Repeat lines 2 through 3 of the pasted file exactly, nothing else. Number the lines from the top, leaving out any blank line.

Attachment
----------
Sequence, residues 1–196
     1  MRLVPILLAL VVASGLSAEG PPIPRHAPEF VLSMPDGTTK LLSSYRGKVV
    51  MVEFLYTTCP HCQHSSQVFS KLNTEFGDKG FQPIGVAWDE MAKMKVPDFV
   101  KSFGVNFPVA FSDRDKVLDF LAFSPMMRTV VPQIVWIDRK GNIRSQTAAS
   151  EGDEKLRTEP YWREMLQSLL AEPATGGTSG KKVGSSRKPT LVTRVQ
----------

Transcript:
     1  MRLVPILLAL VVASGLSAEG PPIPRHAPEF VLSMPDGTTK LLSSYRGKVV
    51  MVEFLYTTCP HCQHSSQVFS KLNTEFGDKG FQPIGVAWDE MAKMKVPDFV